booklog, early September
On to the books....
Jenny Lawson, Let’s Pretend This Never Happened (A Mostly True Memoir). By the Bloggess, and if you know her blog, you know what the book is. I don’t think it’s a memoir and I don’t see the message in it that others have; it’s very much like reading about three months of her blog in one evening. I tried to pace my reading out, but her writing is like potato chips. I always want just a little bit more, and then I’m overfull and my hands are greasy.
Susan Andersen, Some Like It Hot. Second in what is apparently a trilogy; sequelbait is obvious and might be interesting. Angela had warned me about the use of the words ‘exotic’, ‘tribal’, and ‘politically correct’ , and I’m glad of it. The book was exhausting in terms of emotional whiplash-- and geographical, too, as the protags stormed out in rages only to come to their senses soon after and go looking for the other. Something like four times.
I’m disappointed in the book, and I kind of feel like I’ve been disappointed in Andersen’s books in general lately. I do not want this to be true. I want more than Julie James for my contemporary romance fix.
Julie Berry, The Amaranth Enchantment. Picked up because it was shelved YA and looked easy and comforting. It’s more middle-grade and also more shallow and exasperating. Every time the putative heroine did something, I compared her intelligence to that of her accidental pet goat... and she always came up wanting. Not an indictment of her, actually, as Accidental Pet Goat won vs nearly everyone at all times, but argh. A very, very shallow book, where the heroine makes bad decisions left and right, but so does everyone else.
Helene Wecker, The Golem and the Jinni. This is a first fucking novel.
How the shit.
Angela and I stayed in the kitchen preparing night food and talking about the many layers of the book-- not hugely so, just naming a contrast and swearing because how. The contrasts, the questions of nature and identity, the fact that throughout the entire book I was so Team Golem, so completely Team Golem, that I hardly registered that she’s meant to be inhuman in some way beyond the obvious. What does that say about me, that I see the Golem as something to aspire to?
Anyway. This book. Damn.
Paula Brackston, Winter Witch. Sometimes I read a book and realize a significant way through that it has something ridiculously standard about it, but it’s been hidden behind an interesting conceit. If this book had been set in Walesia rather than Wales, it would be clichéd and overtired. In Wales? With drovers? I am set. The Welshness covers up the general predictability and slight eyerollingness.
Oh, drat. I may have missed a book in here. Um? This is what happens when I don’t write them up immediately after reading them.
Courtney Milan, A Kiss for Midwinter. I made the library buy this e-novella because why oh why don’t they buy everything Milan writes. Except they do. Because I make them.
I envision Milan sitting down to her desk, stretching her arms and neck, looking the world straight in the eye, and saying, “Slut-shaming and abstinence-only sex education. BRING IT.” And then she wrote this novella, which doesn’t pretend to be anything but what it is: it leads with a prologue in which a fifteen-year-old girl is told that, having become pregnant, her parents should put her away and never speak of her again because a) she will continue her sluttish ways and end as all whores do, or b) she will realize her error and die of shame. Also, prussic acid for morning sickness.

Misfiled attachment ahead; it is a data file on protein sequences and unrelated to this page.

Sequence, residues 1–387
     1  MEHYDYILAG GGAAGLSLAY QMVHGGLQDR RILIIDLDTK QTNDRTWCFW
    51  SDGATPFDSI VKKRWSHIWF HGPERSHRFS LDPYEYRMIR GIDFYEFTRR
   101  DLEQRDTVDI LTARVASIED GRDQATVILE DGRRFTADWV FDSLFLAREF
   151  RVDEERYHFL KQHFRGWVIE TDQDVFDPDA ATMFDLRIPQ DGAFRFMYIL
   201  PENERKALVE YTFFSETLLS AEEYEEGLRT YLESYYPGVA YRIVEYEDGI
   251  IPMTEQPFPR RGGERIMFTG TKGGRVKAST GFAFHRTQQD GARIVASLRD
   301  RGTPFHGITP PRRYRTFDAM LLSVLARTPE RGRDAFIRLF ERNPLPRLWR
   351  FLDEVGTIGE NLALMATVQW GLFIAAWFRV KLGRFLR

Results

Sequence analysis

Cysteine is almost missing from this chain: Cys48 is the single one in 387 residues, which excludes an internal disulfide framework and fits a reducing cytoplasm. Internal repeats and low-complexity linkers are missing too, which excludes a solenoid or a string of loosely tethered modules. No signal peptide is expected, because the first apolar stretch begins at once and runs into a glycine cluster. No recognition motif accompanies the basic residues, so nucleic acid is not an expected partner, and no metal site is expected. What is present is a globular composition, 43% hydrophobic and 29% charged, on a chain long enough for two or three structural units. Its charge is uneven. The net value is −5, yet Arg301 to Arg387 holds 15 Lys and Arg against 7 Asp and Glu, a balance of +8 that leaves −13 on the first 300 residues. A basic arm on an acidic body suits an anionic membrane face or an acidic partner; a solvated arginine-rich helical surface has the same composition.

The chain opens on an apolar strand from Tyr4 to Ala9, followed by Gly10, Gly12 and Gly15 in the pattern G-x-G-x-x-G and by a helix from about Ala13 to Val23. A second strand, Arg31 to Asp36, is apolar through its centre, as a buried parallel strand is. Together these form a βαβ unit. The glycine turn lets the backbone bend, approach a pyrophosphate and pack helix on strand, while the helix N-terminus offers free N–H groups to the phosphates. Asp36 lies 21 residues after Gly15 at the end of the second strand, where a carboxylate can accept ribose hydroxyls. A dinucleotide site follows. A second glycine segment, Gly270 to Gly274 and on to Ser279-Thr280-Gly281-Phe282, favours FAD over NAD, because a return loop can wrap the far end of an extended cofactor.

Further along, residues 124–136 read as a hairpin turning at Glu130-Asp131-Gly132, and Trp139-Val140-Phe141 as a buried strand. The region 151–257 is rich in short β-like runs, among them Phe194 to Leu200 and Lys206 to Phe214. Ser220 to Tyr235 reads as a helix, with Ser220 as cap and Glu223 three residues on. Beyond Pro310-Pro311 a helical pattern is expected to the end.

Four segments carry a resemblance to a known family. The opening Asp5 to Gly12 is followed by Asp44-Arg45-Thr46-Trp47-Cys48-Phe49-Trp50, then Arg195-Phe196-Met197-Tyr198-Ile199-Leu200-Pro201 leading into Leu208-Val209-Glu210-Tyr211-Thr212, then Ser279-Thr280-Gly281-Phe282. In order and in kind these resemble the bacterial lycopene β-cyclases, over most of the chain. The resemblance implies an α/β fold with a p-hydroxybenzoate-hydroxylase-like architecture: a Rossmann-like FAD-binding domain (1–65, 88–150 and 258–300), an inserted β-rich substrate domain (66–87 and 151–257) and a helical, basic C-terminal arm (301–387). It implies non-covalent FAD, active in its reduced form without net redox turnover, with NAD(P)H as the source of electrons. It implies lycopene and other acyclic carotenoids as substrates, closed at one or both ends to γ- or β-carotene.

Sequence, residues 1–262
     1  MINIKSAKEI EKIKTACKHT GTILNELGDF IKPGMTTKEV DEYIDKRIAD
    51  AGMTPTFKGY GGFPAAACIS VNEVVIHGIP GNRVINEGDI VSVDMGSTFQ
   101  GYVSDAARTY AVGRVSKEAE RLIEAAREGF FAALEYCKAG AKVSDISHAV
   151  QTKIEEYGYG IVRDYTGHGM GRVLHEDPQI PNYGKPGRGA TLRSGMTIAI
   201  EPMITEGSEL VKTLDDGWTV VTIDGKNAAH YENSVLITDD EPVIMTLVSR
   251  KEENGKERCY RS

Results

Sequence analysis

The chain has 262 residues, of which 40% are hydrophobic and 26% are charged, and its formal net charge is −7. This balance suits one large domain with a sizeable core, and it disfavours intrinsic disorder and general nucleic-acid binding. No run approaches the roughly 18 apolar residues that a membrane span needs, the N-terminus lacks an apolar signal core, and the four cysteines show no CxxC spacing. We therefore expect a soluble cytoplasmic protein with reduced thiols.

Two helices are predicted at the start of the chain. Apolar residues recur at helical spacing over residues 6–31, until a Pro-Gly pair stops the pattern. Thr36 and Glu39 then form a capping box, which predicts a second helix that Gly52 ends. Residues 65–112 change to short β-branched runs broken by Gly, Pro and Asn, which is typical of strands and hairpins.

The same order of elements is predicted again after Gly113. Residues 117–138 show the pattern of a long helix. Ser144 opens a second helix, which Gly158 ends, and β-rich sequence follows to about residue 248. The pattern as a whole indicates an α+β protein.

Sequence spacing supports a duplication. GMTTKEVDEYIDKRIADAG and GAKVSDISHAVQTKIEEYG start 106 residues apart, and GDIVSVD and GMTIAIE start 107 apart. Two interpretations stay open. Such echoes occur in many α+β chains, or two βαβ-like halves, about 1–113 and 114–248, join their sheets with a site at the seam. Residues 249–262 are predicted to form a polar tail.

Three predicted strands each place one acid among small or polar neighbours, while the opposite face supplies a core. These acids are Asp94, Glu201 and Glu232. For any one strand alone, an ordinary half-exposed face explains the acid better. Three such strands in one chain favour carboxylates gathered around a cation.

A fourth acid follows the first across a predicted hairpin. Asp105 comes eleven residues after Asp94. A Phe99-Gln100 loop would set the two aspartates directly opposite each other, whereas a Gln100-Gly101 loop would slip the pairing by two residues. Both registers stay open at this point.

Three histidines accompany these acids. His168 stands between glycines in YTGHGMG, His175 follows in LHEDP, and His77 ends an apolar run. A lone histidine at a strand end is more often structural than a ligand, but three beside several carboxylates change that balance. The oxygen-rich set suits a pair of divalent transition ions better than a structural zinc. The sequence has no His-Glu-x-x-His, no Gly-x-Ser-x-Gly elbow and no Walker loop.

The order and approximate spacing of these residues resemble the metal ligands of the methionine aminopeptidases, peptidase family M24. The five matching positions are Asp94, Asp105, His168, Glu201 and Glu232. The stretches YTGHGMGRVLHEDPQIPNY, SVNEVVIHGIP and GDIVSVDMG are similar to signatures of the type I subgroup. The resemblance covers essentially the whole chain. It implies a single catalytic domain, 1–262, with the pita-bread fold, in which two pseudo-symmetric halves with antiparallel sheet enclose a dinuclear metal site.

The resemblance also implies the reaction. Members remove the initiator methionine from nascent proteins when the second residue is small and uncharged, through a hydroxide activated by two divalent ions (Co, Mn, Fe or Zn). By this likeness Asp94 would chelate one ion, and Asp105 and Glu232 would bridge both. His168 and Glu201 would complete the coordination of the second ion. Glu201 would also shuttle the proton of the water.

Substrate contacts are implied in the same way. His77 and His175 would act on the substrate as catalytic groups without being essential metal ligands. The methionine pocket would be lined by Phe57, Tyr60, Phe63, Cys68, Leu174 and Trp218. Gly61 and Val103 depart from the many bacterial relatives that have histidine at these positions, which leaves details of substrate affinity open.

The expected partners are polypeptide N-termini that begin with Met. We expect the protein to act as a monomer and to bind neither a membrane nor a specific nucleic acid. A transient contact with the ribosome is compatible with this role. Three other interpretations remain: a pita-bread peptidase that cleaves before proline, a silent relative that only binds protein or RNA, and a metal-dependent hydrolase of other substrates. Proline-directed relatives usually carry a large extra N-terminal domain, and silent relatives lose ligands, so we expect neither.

Cheery prologue, isn’t it?
Then Milan continues and manages to include historical medicine, Christmas traditions, hereditary anxiety disorders manifesting in different ways, and a sex scene which contains the word ‘vagina’-- not only that, but ‘vulva’, as well, and they are two different things.
I mean seriously.
Courtney Milan, The Heiress Effect. Angela mentioned recently that it’s hard to recommend Milan as Milan. There’s all this context, so it might be best to start with other historical romances and move on from there. Sort of like a sestina-- to appreciate the really great sestinas, you have to read enough of them to background the structure itself. Then you learn about wordplay. Historical romance has a lot of history as a genre and not everyone knows a marquess from a marquis (I’ve won arguments about that one even though I can’t pronounce ‘marchioness’) much less the tropes that Milan uses, subverts, and examines. If you haven’t read a lot of duchess-in-training-makes-good stories, you aren’t as surprised when one of the women refuses.
But it isn’t that historical romance sets up an expectation of bad books or tropes. That is too simplistic and insults a genre I have come to adore. I can only compare it to an epic fantasy about restoring the true king, and then the true king establishes a parliament and works to create a middle class to balance the strong aristocracy.
So anyway, the book: it’s Milan, so you know what I think of it. Halfway through, I thought, “Every author has to write something I don’t love. Not every book can be The Duchess War or Unclaimed. There’s always going to be a favorite in each set. I can handle this.” I worried that my expectations were too high. Then the second half of the book happened.
That’s what Milan does. She presented a perfectly sound premise: woman pretends to be insultingly stupid and too well-meaning for anyone to cut her directly, man is offered power in return for humiliating her, love, kiss, triumph against odds, everybody sing. That would be a good book, especially considering my thing for characters pretending to be stupid. Then Milan goes on and complicates it.
If A Kiss for Midwinter is the sex-ed and slut-shaming book, this one is the tone argument respectability politics.